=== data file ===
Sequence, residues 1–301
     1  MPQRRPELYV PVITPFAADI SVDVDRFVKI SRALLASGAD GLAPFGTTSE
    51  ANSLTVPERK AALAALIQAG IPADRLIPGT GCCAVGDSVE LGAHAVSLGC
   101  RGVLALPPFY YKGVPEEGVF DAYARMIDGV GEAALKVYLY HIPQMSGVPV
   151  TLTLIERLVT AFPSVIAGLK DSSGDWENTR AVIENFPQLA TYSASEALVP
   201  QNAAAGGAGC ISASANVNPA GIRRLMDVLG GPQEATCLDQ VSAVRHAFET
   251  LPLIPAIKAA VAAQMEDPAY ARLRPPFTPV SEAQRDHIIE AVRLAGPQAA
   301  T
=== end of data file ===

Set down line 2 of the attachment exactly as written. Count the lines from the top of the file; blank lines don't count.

     1  MPQRRPELYV PVITPFAADI SVDVDRFVKI SRALLASGAD GLAPFGTTSE